Model inversion (MI), where an adversary abuses access to a trained Machine Learning (ML) model in order to infer sensitive information about the model's original training data, has gotten a lot of attention in recent years. The trained model under assault is frequently frozen during MI and used to direct the training of a generator, such as a Generative Adversarial Network, to rebuild the distribution of the model's original training data. As a result, scrutiny of the capabilities of MI techniques is essential for the creation of appropriate protection techniques. Reconstruction of training data with high quality using a single model is complex. However, existing MI literature does not consider targeting many models simultaneously, which could offer the adversary extra information and viewpoints.
Technology investment company and incubator Red Cell Partners announced today the launch of Zephyr AI, a company that leverages large data sets to inform both clinical care and the development of new targeted precision therapies. The management team of the new company consists of CEO Yisroel Brumer, formerly of the office of the Secretary of Defense; Executive Chairman Grant Verstandig, who most recently served Chief Digital Officer at UnitedHealth Group; and Chief Technology Officer Jeff Sherman, who was the machine learning architect at Rally Health, which was acquired in 2017 by UnitedHealth's Optum unit. According to a press release announcing its launch, Zephyr AI will look to improve patient outcomes while lowering costs by integrating "artificial intelligence with extensive datasets to upend traditional'guess and test' drug development and personalized medicine processes to unearth novel therapeutics, new applications for existing therapeutics, and advanced biomarkers for individualized treatments." The potential new company gave a hint at its direction earlier in the year via the publication of two papers by the founders in the journal Oncogene that detailed the company's technology and it's performance. "These findings demonstrate that Zephyr AI can already identify novel-use cases for existing therapeutics in cancer," company CTO Sherman.
Over billions of years, organisms have evolved many ways of replicating, from budding plants to sexual animals to invading viruses. Now scientists at the University of Vermont, Tufts University, and the Wyss Institute for Biologically Inspired Engineering at Harvard University have discovered an entirely new form of biological reproduction--and applied their discovery to create the first-ever, self-replicating living robots. The same team that built the first living robots ("Xenobots," assembled from frog cells--reported in 2020) has discovered that these computer-designed and hand-assembled organisms can swim out into their tiny dish, find single cells, gather hundreds of them together, and assemble "baby" Xenobots inside their Pac-Man-shaped "mouth"--that, a few days later, become new Xenobots that look and move just like themselves. And then these new Xenobots can go out, find cells, and build copies of themselves. "With the right design--they will spontaneously self-replicate," says Joshua Bongard, Ph.D., a computer scientist and robotics expert at the University of Vermont who co-led the new research.
The three big cloud providers, specifically Amazon Web Services (AWS), Microsoft Azure, and Google Cloud Platform (GCP), want developers and data scientists to develop, test, and deploy machine learning models on their clouds. It's a lucrative endeavor for them because testing models often need a burst of infrastructure, and models in production often require high availability. These are lucrative services for the cloud providers and offer benefits to their customers, but they don't want to compete for your business only on infrastructure, service levels, and pricing. They focus on versatile on-ramps to make it easier for customers to use their machine learning capabilities. Each public cloud offers multiple data storage options, including serverless databases, data warehouses, data lakes, and NoSQL datastores, making it likely that you will develop models in proximity to where your data resides.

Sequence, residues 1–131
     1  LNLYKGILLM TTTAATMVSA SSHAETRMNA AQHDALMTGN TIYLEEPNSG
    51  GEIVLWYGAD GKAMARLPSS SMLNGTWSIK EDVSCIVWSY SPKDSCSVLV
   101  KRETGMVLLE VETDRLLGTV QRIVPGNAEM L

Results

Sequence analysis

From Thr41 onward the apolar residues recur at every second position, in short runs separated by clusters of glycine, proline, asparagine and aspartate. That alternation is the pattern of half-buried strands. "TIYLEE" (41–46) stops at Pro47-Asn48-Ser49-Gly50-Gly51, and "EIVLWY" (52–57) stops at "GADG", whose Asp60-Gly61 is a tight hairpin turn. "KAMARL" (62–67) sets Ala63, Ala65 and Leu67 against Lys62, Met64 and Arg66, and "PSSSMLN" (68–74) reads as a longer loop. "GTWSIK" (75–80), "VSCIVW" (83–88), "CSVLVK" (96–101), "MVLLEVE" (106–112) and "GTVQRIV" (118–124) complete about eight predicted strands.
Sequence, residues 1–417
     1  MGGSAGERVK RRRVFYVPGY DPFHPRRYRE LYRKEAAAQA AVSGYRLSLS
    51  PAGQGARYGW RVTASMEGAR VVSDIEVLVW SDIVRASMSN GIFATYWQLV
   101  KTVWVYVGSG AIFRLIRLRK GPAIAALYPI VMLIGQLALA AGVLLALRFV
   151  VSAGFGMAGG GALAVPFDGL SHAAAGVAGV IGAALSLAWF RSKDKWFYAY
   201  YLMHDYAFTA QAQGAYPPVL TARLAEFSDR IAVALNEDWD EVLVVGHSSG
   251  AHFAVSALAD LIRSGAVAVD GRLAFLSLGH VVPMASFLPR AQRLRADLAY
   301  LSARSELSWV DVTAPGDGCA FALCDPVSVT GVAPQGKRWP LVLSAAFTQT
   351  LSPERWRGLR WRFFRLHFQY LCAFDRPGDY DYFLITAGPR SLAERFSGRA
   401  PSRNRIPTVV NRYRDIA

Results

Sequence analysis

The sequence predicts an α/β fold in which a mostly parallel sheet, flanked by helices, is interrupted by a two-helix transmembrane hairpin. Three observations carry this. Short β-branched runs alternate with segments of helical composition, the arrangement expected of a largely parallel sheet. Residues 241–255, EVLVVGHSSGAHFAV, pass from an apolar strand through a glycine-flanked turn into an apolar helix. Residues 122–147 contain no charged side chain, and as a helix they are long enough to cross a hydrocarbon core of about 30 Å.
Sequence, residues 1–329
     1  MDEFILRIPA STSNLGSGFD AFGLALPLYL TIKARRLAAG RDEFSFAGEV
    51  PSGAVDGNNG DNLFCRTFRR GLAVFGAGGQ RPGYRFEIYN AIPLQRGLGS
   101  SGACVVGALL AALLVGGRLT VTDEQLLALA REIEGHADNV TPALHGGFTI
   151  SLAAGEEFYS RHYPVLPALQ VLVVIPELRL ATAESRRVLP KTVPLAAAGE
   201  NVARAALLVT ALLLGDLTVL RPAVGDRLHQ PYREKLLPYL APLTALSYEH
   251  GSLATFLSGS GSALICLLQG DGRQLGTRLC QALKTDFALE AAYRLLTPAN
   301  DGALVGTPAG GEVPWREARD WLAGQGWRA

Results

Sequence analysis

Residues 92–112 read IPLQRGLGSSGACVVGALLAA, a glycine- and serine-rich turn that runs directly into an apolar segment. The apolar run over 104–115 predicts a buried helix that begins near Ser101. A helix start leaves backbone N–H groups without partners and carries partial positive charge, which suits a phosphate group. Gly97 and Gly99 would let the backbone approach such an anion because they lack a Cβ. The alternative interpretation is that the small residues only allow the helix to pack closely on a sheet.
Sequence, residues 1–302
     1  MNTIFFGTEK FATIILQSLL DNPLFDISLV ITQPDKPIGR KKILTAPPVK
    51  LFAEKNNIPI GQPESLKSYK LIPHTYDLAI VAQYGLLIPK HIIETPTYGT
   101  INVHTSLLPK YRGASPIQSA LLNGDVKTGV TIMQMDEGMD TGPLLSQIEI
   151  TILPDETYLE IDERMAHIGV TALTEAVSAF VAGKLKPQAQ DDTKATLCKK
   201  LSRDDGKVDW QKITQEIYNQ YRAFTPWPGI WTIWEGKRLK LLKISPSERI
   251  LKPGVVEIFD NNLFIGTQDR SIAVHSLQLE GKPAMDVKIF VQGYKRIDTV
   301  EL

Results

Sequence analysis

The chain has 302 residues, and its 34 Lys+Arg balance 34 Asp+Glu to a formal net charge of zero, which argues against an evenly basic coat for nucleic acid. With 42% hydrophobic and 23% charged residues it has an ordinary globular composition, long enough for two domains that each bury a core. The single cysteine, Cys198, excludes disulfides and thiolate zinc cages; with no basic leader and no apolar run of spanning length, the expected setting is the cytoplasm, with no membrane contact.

Artificial intelligence technology is now used by a growing number of companies looking to hire the best employees, but new research from Rice University warns how it can incorporate biases and overlook important characteristics among job applicants. The study explores the scientific, legal and ethical concerns raised by personnel selection tools that rely on AI technologies and machine learning algorithms. Authors Fred Oswald, a professor in the Department of Psychological Sciences at Rice University; Nancy Tippins of the Nancy T. Tippins Group, LLC, and independent researcher S. Morton McPhail reviewed the use of this technology. Oswald says that AI technology--which includes games, video-based interviews and data mining tools--can save time in the job application process and the screening of potential employees. But he believes the effectiveness of these tools is questionable.
Thanks to advancements in speech and natural language processing, there is hope that one day you may be able to ask your virtual assistant what the best salad ingredients are. Currently, it is possible to ask your home gadget to play music, or open on voice command, which is a feature already found in some many devices. If you speak Moroccan, Algerian, Egyptian, Sudanese, or any of the other dialects of the Arabic language, which are immensely varied from region to region, where some of them are mutually unintelligible, it is a different story. If your native tongue is Arabic, Finnish, Mongolian, Navajo, or any other language with high level of morphological complexity, you may feel left out. These complex constructs intrigued Ahmed Ali to find a solution.